Jonathan Barrett, Managing Director, Europe at Dataminr, highlights how the aviation industry can better manage its approach to communications when crises inevitably occur
The aviation industry has been abuzz with drone discussion. The sighting on a Gatwick runway in December 2018 caused major disruption, affecting around 140,000 passengers and over 1,000 flights during 36 hours of confusion. Social media was awash with disgruntled travellers, confused onlookers and brands scrambling to react to the ongoing crisis.
In this scenario, misinformation can circulate just as quickly as fact. Communications teams are given the difficult task of communicating clearly with customers, and for those left to deal with these issues, social media is often seen as an adversary. However, with the right approach, aviation professionals can manage a crisis effectively. By using social channels and real-time alerting to share the right information at the right time with customers, airlines may be able to negate these issues, which will culminate in a more positive customer experience that protects or even enhances brand reputation – a strategic priority for any business.
Customers on the radar
In an ideal scenario, airports run like clockwork. That said, with so many moving parts, and vital departments often working in siloed teams, providing streamlined customer service can be a challenge. Customers transition from check-in desks, to security and the departure lounge without understanding who is accountable when things go wrong. This is the moment when customers turn to social media.
Often, disgruntled customers’ first instinct is to turn to official airport social media channels to raise their grievances. However, the issue can be exacerbated when customers make complaints indirectly, bypassing official channels. These posts can fly under the radar, and if left unaddressed, the fallout can be immediate and far-reaching. Ultimately, a brand’s reputation is at stake.
Increasingly, national news outlets are using social media to stay abreast of breaking events, citing these sources for first-person accounts, on-the-ground video footage, and securing other vital information in real time. This means when posts go up, the situation can quickly spiral out of control.
Worse still, passengers often associate their experience at the airport with the airline they booked with, rather than the airport itself. On a day-to-day basis, this could include more trivial issues such as delays at security, but inconveniences like this are unlikely to cause major reputational damage. However, serious issues can pose real reputation risk, and the closure of Gatwick airport for 36 hours due to a drone sighting is a perfect example. In these situations, as airlines take the flak for cancelled flights, all areas of the airport operation need to be aligned in their communications and have the most up-to-date information available in order to mitigate the crisis effectively. This alignment starts with the planning process.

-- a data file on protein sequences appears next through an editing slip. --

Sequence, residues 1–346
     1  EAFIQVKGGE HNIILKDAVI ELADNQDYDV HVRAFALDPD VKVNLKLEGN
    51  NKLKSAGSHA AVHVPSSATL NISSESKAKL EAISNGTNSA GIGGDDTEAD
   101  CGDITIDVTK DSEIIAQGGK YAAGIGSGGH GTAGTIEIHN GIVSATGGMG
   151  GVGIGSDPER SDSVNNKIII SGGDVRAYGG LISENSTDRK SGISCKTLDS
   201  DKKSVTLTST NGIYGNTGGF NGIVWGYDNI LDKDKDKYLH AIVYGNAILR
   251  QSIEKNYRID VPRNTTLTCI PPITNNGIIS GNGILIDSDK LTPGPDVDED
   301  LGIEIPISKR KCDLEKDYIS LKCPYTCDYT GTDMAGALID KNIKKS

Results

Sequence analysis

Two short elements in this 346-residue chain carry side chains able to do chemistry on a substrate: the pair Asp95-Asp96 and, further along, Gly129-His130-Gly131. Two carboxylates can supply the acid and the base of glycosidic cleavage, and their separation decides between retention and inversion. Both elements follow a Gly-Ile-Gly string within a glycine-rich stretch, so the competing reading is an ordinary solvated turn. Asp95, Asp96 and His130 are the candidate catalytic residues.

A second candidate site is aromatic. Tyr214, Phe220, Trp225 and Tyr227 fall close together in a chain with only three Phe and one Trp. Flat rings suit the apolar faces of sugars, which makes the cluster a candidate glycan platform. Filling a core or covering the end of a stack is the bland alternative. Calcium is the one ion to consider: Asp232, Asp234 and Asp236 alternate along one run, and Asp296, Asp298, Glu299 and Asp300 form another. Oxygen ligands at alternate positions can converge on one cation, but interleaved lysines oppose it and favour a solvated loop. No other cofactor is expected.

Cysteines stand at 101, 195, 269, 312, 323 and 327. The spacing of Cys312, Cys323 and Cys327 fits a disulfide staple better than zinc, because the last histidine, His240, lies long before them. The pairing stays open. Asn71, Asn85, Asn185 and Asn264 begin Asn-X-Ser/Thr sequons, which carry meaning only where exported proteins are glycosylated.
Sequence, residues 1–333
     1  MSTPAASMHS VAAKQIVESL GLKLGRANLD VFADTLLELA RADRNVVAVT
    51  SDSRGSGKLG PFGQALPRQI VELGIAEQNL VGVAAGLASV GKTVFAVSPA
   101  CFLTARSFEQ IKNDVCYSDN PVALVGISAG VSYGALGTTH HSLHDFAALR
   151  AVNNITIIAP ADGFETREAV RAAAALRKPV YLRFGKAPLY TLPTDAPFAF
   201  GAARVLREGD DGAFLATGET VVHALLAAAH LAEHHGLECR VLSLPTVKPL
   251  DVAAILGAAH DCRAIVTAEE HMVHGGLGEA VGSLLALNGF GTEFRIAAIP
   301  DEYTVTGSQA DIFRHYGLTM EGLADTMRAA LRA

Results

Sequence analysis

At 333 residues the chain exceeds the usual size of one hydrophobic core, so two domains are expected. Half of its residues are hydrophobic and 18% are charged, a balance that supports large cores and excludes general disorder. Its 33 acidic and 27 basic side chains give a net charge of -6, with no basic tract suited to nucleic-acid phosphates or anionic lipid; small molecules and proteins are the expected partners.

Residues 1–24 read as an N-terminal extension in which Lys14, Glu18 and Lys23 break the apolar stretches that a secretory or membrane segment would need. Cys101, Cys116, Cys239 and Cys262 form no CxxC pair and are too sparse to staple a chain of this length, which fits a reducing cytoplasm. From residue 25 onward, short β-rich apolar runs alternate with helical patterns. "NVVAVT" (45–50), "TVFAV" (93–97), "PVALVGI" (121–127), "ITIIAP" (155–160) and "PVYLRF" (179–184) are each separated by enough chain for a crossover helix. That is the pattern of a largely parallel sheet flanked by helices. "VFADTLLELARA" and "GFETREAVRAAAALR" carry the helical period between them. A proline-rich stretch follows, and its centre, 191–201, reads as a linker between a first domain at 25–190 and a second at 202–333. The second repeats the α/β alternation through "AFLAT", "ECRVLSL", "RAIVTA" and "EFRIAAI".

The drone crisis was, at the time, difficult to predict. When it comes to crisis planning, it is as much about preparation as being flexible and quick to react to situations in the moment. In planning for a variety of crisis situations, it’s essential that brands don’t just look at what they may be directly responsible for, but for issues outside of their control and how any of these can have wider ramifications for the company.
Reacting in real time
Enabling teams to have access to accurate, real-time insights should be central to any organisation’s crisis strategy. Social media provides a rich pool of data, and having the ability to sift through this information for an instant view of real-time chatter is invaluable. In addition, many businesses are incorporating other sources such as blogs, the dark web and information sensors to build their awareness of breaking events.
Acting impulsively, without having full awareness of the situation, can have a devastating effect. In a worst case scenario, security or communications teams could create a new crisis by communicating or acting on inaccurate information. In contrast, brands that use real-time insights to provide concise and accurate updates to their customers can quickly dispel rumours and alleviate concerns.
It is not just the direct customer experience that is at stake. A brand’s fiscal performance is closely linked to its public perception. Therefore, a poorly managed crisis can damage the trust of shareholders and severely impact profits. On the other hand, a well-handled crisis can help build and instill trust, positively affecting company growth. In the case of the Gatwick drone crisis, Easy Jet reported losses of £15 million. This was due to a combination of both ‘customer welfare costs’ and flight cancellation fees. Businesses must move with caution. These initial costs can escalate if communications are handled poorly and consumers begin to turn against the brand in question.
The power of reputation
On a macro scale, protecting brand reputation should be the highest strategic priority of a business. This stems from sustaining high levels of customer service, even during a crisis. In the case of Gatwick and the multitude of businesses impacted by the crisis, it was vital that all parties respond in a swift, seamless and simple manner. In doing so, each business could protect its reputation at the most critical times.
Using alternative data sets such as social media to secure real-time insights, is how forward thinking organisations are effectively steering their brand through crises. By understanding the opinions, cares and concerns of their customers, they can help to provide the information that is necessary. By ensuring all voices are heard, businesses can implement new processes, or shore up existing processes that ultimately enhance the customer experience.
This article features in the March 2019 issue of ITIJ.